By Haley Crimmins on July 1st, 2019
Attendees at one of the largest U.S. retail property conferences earlier this year were hailed with the message that the future for retail is bright. Price trends suggest that the future may be brighter for some regions than others.
Speakers at the ICSC RECon conference in Las Vegas stressed that recent headlines surrounding department store closings and liquidations have made investors wary about the sector. But they pointed out that not all these closed department store boxes are sitting vacant.
New concepts and tenants are filling in many of these spaces, including coworking spaces, boutique fitness studios, and even food halls. Thanks to new technology like AI and mobile GPS tracking, as well as the evolution of e-commerce, investors continue to find creative ways to keep the sector alive, attendees were assured.
While there are trends to be excited about, there is still something to be said about location, location, location. The graph below charts the RCA CPPI retail trends across the six U.S. regions, showing that there are reasons to be optimistic in some parts of the country.
In the last cycle, retail property pricing tracked a similar path across all regions. It wasn’t until after the financial crisis that pricing diverged. It spiked in the Northeast and West, while the Midwest, Southeast and Southwest regions trailed behind and have not yet regained the levels seen before the recession.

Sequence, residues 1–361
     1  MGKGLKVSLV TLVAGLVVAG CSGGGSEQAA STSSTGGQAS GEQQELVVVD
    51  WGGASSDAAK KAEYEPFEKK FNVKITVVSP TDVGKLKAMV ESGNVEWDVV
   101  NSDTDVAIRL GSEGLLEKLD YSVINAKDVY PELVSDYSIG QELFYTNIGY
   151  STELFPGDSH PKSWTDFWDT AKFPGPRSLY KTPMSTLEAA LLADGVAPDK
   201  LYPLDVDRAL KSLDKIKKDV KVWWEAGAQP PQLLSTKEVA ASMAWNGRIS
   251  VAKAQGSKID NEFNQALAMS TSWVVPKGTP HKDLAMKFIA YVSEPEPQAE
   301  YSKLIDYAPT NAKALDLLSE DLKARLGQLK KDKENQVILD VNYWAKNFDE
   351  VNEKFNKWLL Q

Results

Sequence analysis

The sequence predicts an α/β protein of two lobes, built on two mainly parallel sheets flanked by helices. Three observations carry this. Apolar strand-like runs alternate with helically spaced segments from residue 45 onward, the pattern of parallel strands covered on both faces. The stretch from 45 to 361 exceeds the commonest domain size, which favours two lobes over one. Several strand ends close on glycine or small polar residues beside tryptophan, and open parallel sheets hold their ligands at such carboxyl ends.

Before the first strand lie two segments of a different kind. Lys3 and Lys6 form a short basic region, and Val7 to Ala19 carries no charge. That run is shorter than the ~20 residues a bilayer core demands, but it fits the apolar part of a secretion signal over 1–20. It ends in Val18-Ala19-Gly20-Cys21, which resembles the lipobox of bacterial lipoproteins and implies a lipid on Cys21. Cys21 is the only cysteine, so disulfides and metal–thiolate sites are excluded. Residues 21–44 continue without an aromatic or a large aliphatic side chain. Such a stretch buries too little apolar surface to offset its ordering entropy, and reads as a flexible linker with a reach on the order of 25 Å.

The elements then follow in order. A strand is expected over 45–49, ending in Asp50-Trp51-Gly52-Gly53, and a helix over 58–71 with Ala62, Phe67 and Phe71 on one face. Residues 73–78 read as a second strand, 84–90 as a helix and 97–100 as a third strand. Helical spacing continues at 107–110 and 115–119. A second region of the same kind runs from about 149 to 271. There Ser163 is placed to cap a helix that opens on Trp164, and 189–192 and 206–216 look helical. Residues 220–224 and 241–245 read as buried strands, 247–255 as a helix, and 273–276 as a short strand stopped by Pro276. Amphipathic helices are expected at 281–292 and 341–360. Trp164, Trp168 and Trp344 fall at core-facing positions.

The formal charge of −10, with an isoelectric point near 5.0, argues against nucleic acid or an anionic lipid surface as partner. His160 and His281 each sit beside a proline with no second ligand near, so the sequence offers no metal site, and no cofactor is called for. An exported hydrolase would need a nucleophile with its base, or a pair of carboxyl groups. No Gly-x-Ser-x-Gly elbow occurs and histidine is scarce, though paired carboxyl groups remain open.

Price trends in the Midwest are the weakest among the six regions. Investors are concerned about slow growth in jobs and personal income here, which has led to the hesitancy to push up prices in this cycle.
Industry players touched on the risks of oversupply and the importance of repositioning struggling retail assets throughout the ICSC conference. Consumers now look for experience, convenience, and a sense of community. Until there is a new source of job growth that can drive income growth, retail properties in the Midwest region will likely remain unattractive, with prices continuing to lag.
Retail may not be dead in the expensive and fast-growing areas of the U.S., but there may be more reason to worry in other regions.
To learn more about the RCA CPPI (Commercial Property Price Indices) and to sign up for reports visit rcanalytics.com. If you are an RCA customer you can access RCA CPPI reports and run your own pricing analysis on the client-only RCA website.
Also on RCA Insights: